|Jmol-3D images||Image 1
|Molar mass||178.23 g mol−1|
|Density||1.28 g/cm3 (25 °C)
0.969 g/cm3 (220 °C)
|Melting point||215.76 °C (420.37 °F; 488.91 K)
at 760 mmHg
|Boiling point||339.9 °C (643.8 °F; 613.0 K)
at 760 mmHg
|Solubility in water||0.022 mg/L (0 °C)
0.044 mg/L (25 °C)
0.287 mg/L (50 °C)
0.00045% w/w (100 °C, 3.9 MPa)
|Solubility||Soluble in alcohol, (C2H5)2O, acetone, C6H6, CHCl3, CS2|
|Solubility in ethanol||0.076 g/100 g (16 °C)
1.9 g/100 g (19.5 °C)
0.328 g/100 g (25 °C)
|Solubility in methanol||1.8 g/100 g (19.5 °C)|
|Solubility in hexane||0.37 g/100 g|
|Solubility in toluene||0.92 g/100 g (16.5 °C)
12.94 g/100 g (100 °C)
|Solubility in carbon tetrachloride||0.732 g/100 g|
|Vapor pressure||0.01 kPa (125.9 °C)
0.1 kPa (151.5 °C)
13.4 kPa (250 °C)
|UV-vis (λmax)||345.6 nm, 363.2 nm|
|Thermal conductivity||0.1416 W/m·K (240 °C)
0.1334 W/m·K (270 °C)
0.1259 W/m·K (300 °C)
|Viscosity||0.602 cP (240 °C)
0.498 cP (270 °C)
0.429 cP (300 °C)
|Crystal structure||Monoclinic (290 K)|
|Lattice constant||a = 8.562 Å, b = 6.038 Å, c = 11.184 Å|
|Lattice constant||α = 90°, β = 124.7°, γ = 90°|
Std enthalpy of
Std enthalpy of
|GHS signal word||Warning|
|H315, H319, H335, H410|
|P261, P273, P305+351+338, P501|
|EU classification||Xi N|
|S-phrases||S26, S60, S61|
|Flash point||121 °C (250 °F; 394 K)|
|Autoignition temperature||540 °C (1,004 °F; 813 K)|
|LD50||4900 mg/kg (rats, oral)|
|Except where noted otherwise, data are given for materials in their standard state (at 25 °C (77 °F), 100 kPa)|
|(what is: / ?)|
Anthracene is a solid polycyclic aromatic hydrocarbon of formula C14H10, consisting of three fused benzene rings. It is a component of coal tar. Anthracene is used in the production of the red dye alizarin and other dyes. Anthracene is colorless but exhibits a blue (400-500 nm peak) fluorescence under ultraviolet light.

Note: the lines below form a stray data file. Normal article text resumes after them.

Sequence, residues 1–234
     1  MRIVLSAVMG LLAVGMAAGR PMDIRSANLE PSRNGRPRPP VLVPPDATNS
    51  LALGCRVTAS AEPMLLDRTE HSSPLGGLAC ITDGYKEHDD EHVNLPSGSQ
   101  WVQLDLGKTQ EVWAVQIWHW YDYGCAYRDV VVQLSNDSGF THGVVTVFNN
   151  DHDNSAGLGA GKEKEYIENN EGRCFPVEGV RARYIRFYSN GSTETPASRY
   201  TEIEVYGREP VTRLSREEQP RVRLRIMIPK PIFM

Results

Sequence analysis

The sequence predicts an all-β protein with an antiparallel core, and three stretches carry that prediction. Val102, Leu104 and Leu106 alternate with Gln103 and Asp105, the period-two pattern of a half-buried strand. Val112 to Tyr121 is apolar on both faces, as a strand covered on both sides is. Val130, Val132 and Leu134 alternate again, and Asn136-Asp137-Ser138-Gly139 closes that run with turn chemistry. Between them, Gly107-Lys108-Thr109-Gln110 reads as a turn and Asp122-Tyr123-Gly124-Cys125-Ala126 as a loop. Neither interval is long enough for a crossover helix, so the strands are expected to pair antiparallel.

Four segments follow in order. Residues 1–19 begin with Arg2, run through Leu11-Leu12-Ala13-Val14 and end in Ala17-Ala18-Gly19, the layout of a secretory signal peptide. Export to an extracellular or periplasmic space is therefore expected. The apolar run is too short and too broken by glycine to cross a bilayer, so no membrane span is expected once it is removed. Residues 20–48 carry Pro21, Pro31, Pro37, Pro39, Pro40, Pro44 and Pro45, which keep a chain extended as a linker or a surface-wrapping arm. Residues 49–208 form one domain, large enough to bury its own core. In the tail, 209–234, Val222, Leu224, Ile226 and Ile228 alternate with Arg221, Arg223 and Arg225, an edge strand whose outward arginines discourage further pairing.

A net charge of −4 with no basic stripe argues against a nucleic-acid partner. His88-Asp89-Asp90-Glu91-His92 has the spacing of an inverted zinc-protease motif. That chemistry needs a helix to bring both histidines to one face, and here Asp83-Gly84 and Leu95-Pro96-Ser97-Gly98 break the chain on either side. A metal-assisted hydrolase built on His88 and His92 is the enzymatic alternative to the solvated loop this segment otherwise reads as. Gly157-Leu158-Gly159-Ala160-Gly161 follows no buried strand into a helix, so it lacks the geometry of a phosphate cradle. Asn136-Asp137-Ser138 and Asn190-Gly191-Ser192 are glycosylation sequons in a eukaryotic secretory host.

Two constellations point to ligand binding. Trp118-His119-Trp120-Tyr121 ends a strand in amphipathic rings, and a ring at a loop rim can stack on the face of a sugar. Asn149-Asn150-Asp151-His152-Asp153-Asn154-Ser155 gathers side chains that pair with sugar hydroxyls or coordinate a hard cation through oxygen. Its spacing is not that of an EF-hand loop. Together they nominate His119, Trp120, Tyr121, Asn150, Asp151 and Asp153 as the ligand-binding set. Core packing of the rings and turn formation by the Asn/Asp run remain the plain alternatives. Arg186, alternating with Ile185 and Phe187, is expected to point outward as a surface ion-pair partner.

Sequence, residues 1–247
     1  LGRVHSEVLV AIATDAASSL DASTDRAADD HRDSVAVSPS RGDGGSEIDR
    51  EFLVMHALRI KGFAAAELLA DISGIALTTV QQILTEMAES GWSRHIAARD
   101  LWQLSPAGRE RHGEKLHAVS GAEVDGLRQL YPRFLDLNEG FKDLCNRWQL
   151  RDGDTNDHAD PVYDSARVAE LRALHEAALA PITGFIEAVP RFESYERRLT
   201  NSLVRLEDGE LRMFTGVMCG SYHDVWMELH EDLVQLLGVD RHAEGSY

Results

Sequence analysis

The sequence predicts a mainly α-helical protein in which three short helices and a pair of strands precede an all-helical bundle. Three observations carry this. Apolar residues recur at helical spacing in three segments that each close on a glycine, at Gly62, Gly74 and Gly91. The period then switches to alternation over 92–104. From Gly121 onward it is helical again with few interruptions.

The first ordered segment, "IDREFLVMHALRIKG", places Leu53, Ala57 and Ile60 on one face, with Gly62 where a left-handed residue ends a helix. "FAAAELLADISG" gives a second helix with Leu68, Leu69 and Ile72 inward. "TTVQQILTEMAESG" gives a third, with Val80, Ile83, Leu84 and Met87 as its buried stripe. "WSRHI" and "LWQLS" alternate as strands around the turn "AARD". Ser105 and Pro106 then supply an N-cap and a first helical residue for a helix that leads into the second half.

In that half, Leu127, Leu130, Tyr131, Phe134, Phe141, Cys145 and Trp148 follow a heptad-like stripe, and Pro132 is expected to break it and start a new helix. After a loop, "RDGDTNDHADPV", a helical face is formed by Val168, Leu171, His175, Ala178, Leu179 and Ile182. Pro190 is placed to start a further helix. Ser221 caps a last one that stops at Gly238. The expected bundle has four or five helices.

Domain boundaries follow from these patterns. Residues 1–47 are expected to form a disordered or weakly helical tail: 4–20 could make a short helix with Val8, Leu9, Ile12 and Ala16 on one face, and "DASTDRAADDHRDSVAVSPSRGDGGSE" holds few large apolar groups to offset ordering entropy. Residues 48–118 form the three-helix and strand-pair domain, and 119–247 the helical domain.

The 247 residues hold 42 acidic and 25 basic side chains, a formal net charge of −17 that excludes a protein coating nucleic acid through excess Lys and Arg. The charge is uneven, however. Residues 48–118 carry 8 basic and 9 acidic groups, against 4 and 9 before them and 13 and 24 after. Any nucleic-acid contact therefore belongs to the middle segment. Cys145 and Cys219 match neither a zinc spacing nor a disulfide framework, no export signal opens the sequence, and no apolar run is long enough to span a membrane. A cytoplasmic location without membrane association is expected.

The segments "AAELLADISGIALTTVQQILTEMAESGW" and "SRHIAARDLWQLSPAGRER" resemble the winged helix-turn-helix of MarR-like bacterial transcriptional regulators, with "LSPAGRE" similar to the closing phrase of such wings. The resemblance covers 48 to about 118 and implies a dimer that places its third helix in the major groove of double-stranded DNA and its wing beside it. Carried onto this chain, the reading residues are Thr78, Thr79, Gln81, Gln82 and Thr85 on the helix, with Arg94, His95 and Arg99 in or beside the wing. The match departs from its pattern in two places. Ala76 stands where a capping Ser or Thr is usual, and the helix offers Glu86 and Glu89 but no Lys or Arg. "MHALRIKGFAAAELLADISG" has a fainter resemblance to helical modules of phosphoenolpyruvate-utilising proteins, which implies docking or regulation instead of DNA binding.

Coal tar contains around 1.5% anthracene and remains a major source of this material.
In 2010, a strong absorption band of anthracene was observed along a line of sight to a star in the open cluster IC 348, and this may be associated with an intervening molecular cloud. More than 20% of the carbon in the universe may be associated with PAHs, including anthracene.
Commercial anthracene is obtained from coal tar, common impurities being phenanthrene and carbazole. A classic laboratory method for the preparation of anthracene is by cyclodehydration of o-methyl- or o-methylene-substituted diarylketones in the so-called Elbs reaction.
The dimer, called dianthracene (or sometimes paranthracene), is connected by a pair of new carbon-carbon bonds, the result of the [4+4] cycloaddition. It reverts to anthracene thermally or with UV irradiation below 300 nm. The reversible dimerization and the photochromic properties of anthracenes are the basis of potential applications. Substituted anthracene derivatives behave similarly. The reaction is affected by the presence of oxygen.
In general, reduction of anthracene yields 9,10-dihydroanthracene (destroying the aromaticity of the center ring) rather than 1,4-dihydroanthracene (which would destroy the aromaticity of one of the terminal rings). This preference for reduction at the 9 and 10 positions is explained by the fact that aromatic stabilization energy is directly correlated with the number of conjugated pi bonds in an aromatic system. Since 9,10-dihydroanthracene in essence preserves two "benzene" rings (a total of 6 conjugated pi bonds), whereas the 1,4-isomer preserves only one and a half such rings (a total of 5 pi bonds); the latter is not the thermodynamically favorable product. Likewise, electrophilic substitution occurs at the "9" and "10" positions of the center ring.
Anthracene is an organic semiconductor. It is used as a scintillator for detectors of high energy photons, electrons and alpha particles. Plastics, such as polyvinyltoluene, can be doped with anthracene to produce a plastic scintillator that is approximately water-equivalent for use in radiation therapy dosimetry. Anthracene's emission spectrum peaks at between 400 nm and 440 nm.